See how Banksy responded when an elementary school named a building after him.

When the kids at this quiet elementary school in England were tasked with renaming their buildings, they never thought it would bring them international attention.

For the students of Bridge Farm Primary School, their mission was to rename several of the school's houses after notable people associated with the city of Bristol. The kids, ages 5 to 11, suggested names and voted for their favorites.


Named "houses" are an important part of the British school system. Yes, like in Harry Potter. Photo by Matt Cardy/Getty Images.

Among the winners were "Cabot," after John Cabot, the 15th century explorer; "Blackbeard," after the pirate; and "Banksy," after the infamous, as-yet-unidentified street artist who got his start in the Bristol underground art scene.

Banksy is one of the most well-known artists of our time. Sort of.

A legend of the street art movement, Banksy's iconic stencil work and provocative installations have appeared all over the world, sparking controversy, debate, discussion, and intrigue — not to mention millions of dollars at art auctions.

Photo by Vincenzo Pinto/AFP/Getty Images.

Yet despite how recognizable his artwork is, little is known about the artist. He's managed to keep his identity secret all this time and simply pops up in the middle of the night, leaving deceptively simple, thought-provoking artwork in his wake — and never revealing where in the world he'll show up next.

So you can imagine how surprised these kids were to find a brand-new Banksy piece on the wall of their school building when they returned from holiday break.

That's right. Banksy had come to the school and painted a 14-foot mural to thank the kids.

Photo by Matt Cardy/Getty Images.

The painting is of a child rolling a hoop on a field containing a single flower — a reference to a Victorian-era game for schoolchildren. Only, as you can see, the hoop has been replaced with a burning tire. It's typical Banksy — dark and edgy, but also playful.

Photo by Matt Cardy/Getty Images.

Banksy also left a note for the kids, thanking them and encouraging them to add to the mural if they "don't like it."

Although, frankly, there's a very small chance any of them won't like it.


“Dear Bridge Farm School,” Banksy's letter reads. “Thanks for your letter and naming a house after me. Please have a picture, and if you don’t like it, feel free to add stuff. I’m sure the teachers won’t mind. Remember, it’s always easier to get forgiveness than permission. Much love, Banksy."


I have to say, it's pretty nice to see Banksy's sweet side.

After all, he's an elusive artist whose work is often dark, politically charged, and, by its very nature, illegal. That said, he remains an important and iconic voice in the art world.

But once, he was just a kid from Bristol.

Clearly, he hasn't forgotten that, so it's awesome to see him give back (in some small way) to that community — and encouraging kids to be creative in their own way is a message we can all get behind.

More
Courtesy of Houseplant.

In America, one dumb mistake can hang over your head forever.

Nearly 30% of the American adult population — about 70 million people — have at least one criminal conviction that can prevent them from being treated equally when it comes to everything from job and housing opportunities to child custody.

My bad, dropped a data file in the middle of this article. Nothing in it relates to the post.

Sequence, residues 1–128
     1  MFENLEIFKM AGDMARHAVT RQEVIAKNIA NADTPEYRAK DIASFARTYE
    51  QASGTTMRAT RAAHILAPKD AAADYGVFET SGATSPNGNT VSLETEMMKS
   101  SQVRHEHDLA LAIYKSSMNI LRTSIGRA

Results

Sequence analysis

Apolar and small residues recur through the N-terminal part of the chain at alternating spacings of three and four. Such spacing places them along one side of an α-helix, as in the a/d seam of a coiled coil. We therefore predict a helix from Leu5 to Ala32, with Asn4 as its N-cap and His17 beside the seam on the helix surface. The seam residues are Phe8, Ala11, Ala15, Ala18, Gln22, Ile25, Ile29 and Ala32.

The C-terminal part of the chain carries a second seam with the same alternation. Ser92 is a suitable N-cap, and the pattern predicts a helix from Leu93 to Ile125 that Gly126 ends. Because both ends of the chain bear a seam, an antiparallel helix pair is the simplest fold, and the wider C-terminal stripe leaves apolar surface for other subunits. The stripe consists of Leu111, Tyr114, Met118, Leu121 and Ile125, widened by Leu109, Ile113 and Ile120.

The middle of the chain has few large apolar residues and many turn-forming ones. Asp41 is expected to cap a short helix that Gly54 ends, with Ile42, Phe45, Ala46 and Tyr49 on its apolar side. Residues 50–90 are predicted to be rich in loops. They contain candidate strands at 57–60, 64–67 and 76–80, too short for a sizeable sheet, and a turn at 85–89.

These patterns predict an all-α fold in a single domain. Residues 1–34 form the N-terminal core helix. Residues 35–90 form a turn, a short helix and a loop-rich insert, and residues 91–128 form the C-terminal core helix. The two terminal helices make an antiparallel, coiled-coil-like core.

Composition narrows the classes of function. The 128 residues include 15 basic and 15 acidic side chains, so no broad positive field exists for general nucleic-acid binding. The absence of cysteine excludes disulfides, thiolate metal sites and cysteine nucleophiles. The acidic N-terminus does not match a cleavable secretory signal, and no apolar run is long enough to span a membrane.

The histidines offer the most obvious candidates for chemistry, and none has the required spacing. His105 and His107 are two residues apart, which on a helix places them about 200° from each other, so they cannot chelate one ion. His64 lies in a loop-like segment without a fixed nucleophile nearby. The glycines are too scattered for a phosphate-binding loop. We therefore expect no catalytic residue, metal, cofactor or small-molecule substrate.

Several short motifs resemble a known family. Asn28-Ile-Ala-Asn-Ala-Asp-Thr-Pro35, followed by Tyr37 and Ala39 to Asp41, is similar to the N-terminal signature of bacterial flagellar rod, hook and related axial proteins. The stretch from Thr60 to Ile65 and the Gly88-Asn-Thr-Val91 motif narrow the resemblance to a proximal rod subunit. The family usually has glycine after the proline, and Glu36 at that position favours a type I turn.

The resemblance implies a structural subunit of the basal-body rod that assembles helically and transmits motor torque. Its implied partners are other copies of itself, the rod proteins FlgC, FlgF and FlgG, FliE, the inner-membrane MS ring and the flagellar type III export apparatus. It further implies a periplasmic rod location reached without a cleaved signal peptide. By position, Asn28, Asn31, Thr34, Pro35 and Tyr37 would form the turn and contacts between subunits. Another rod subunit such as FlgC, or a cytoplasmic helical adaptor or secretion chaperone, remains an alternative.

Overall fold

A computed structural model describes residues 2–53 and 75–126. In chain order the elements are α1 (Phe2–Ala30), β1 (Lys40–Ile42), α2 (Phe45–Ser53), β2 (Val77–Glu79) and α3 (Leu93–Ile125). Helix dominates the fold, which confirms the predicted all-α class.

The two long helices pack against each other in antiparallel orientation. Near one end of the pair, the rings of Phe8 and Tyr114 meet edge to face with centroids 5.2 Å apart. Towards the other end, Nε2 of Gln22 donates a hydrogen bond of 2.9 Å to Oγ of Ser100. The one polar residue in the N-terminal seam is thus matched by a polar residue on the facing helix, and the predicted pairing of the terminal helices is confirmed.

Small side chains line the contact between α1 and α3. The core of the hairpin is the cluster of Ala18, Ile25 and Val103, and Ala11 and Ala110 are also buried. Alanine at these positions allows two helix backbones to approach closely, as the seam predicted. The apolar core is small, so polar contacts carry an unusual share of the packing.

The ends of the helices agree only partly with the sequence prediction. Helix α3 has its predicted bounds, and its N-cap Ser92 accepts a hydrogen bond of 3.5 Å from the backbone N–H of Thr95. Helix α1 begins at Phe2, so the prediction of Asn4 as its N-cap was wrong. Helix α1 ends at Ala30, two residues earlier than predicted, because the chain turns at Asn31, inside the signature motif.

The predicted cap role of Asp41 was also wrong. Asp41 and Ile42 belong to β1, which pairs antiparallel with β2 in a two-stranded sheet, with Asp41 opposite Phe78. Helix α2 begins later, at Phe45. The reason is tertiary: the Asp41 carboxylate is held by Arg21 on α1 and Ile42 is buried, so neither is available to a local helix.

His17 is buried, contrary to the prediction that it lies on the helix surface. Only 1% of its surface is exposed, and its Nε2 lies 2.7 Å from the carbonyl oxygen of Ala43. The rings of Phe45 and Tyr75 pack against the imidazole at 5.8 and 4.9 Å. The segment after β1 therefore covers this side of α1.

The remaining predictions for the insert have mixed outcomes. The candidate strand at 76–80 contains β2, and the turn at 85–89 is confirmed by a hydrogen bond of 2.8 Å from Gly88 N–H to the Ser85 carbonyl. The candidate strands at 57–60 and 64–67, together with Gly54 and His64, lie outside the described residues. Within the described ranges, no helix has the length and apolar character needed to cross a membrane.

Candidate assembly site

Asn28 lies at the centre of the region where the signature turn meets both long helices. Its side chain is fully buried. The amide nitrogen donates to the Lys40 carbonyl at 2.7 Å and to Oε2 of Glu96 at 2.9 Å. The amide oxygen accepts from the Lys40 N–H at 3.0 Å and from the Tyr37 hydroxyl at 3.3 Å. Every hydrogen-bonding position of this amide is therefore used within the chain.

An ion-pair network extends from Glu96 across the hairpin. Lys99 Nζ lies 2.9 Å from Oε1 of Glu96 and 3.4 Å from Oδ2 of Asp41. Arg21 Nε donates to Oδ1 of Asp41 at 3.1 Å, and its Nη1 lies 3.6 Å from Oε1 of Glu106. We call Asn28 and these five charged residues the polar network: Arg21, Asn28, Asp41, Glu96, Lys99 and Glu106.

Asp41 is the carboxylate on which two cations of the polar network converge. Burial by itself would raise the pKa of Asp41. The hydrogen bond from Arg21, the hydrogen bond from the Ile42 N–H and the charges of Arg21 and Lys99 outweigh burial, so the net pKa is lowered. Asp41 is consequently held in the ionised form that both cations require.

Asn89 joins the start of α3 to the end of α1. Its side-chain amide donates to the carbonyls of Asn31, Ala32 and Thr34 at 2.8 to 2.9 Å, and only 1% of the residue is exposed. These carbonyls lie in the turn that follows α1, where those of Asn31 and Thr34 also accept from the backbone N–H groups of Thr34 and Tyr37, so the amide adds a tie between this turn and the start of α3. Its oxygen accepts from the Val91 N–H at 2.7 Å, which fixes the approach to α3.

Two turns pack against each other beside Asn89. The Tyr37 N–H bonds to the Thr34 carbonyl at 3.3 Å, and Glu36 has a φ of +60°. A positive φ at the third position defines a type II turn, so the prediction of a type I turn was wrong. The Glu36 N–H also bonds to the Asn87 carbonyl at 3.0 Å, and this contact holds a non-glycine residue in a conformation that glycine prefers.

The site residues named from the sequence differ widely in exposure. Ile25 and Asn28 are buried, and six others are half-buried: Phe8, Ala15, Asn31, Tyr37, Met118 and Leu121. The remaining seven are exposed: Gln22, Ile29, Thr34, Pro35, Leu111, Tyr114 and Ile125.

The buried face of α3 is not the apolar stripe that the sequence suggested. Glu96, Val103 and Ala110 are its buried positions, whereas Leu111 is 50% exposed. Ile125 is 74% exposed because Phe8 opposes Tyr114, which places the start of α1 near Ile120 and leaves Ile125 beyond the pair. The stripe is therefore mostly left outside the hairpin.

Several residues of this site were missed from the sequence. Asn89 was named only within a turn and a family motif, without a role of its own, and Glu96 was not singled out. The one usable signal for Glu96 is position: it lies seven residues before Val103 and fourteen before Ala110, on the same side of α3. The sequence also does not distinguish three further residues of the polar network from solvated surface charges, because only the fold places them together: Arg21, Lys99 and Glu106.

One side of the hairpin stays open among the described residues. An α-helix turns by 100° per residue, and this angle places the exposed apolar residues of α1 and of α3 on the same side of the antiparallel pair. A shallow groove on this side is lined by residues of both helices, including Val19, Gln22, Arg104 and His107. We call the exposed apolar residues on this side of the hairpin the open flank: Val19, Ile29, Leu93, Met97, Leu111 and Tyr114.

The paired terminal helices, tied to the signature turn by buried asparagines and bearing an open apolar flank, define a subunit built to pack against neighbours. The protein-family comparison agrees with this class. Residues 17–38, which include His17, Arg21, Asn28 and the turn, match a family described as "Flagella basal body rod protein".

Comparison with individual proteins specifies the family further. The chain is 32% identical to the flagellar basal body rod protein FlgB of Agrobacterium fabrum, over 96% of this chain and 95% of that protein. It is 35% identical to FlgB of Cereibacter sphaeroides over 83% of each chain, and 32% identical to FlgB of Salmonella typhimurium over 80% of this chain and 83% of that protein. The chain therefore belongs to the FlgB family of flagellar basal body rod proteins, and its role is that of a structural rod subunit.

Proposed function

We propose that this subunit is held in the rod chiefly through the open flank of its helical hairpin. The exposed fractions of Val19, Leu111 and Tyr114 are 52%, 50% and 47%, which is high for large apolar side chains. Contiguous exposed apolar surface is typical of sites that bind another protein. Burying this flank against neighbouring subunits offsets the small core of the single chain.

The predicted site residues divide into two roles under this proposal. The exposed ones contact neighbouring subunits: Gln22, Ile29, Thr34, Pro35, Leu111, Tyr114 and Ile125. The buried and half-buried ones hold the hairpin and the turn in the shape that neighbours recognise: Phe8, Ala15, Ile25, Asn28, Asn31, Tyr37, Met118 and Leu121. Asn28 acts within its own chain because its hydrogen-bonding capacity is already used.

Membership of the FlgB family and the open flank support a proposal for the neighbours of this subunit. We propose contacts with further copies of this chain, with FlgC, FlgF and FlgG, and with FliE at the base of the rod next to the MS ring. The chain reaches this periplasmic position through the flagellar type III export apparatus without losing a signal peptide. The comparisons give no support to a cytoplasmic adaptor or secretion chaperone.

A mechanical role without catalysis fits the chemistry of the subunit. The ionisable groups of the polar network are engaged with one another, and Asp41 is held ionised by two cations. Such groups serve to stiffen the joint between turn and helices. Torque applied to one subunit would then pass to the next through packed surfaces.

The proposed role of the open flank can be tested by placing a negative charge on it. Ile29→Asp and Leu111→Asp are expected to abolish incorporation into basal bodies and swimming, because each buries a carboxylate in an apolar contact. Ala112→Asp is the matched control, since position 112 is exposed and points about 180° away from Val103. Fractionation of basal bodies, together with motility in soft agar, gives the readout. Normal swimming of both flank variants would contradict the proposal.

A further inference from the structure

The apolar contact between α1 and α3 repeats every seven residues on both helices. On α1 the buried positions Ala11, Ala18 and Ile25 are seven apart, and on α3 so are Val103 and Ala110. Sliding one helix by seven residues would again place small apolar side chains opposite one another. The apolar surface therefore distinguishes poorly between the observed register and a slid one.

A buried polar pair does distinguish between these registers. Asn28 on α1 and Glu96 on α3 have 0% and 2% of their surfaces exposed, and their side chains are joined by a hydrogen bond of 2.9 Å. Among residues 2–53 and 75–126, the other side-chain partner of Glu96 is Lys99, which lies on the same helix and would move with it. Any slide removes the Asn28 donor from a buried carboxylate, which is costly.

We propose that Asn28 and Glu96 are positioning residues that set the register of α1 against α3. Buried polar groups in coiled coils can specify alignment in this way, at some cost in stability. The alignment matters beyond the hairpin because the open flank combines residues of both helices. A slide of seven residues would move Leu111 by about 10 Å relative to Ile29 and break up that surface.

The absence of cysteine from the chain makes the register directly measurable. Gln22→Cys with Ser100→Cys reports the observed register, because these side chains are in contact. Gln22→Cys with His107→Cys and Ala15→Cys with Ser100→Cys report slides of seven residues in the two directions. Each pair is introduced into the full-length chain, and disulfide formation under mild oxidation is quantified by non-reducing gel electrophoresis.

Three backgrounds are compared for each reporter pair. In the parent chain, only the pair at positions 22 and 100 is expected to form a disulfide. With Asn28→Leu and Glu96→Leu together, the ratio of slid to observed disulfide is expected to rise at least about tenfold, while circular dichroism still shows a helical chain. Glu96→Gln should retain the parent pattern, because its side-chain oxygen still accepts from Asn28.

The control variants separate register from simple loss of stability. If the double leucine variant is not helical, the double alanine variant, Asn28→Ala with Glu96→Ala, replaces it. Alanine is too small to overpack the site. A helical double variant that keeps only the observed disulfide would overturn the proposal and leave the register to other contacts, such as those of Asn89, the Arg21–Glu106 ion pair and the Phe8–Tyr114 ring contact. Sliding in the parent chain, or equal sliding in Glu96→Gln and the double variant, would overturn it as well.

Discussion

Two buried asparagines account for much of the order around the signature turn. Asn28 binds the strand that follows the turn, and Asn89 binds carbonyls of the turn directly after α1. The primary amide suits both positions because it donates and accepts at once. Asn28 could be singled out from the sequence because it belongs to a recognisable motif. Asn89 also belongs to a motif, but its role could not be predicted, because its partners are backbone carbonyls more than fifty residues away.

Twenty million of these Americans have felony convictions that can destroy their chances of making a comfortable living and prevents them from voting out the lawmakers who imprisoned them.

Many of these convictions are drug-related and stem from the War on Drugs that began in the U.S. '80s. This war has unfairly targeted the minority community, especially African-Americans.

Keep Reading Show less
Culture

Climate change is happening because the earth is warming at an accelerated rate, a significant portion of that acceleration is due to human activity, and not taking measures to mitigate it will have disastrous consequences for life as we know it.

In other words: Earth is heating up, it's kinda our fault, and if we don't fix it, we're screwed.

This is the consensus of the vast majority of the world's scientists who study such things for a living. Case closed. End of story.

How do we know this to be true? Because pretty much every reputable scientific organization on the planet has examined and endorsed these conclusions. Thousands of climate studies have been done, and multiple peer-reviewed studies have been done on those studies, showing that somewhere between 84 and 97 percent of active climate science experts support these conclusions. In fact, the majority of those studies put the consensus well above 90%.

Keep Reading Show less
Nature
via James Anderson

Two years ago, a tweet featuring the invoice for a fixed boiler went viral because the customer, a 91-year-old woman with leukemia, received the services for free.

"No charge for this lady under any circumstances," the invoice read. "We will be available 24 hours to help her and keep her as comfortable as possible."

The repair was done by James Anderson, 52, a father-of-five from Burnley, England. "James is an absolute star, it was overwhelming to see that it cost nothing," the woman's daughter told CNN.

Keep Reading Show less
Heroes

I live in a family with various food intolerances. Thankfully, none of them are super serious, but we are familiar with the challenges of finding alternatives to certain foods, constantly checking labels, and asking restaurants about their ingredients.

In our family, if someone accidentally eats something they shouldn't, it's mainly a bit of inconvenient discomfort. For those with truly life-threatening food allergies, the stakes are much higher.

I can't imagine the ongoing stress of deadly allergy, especially for parents trying to keep their little ones safe.

Keep Reading Show less
popular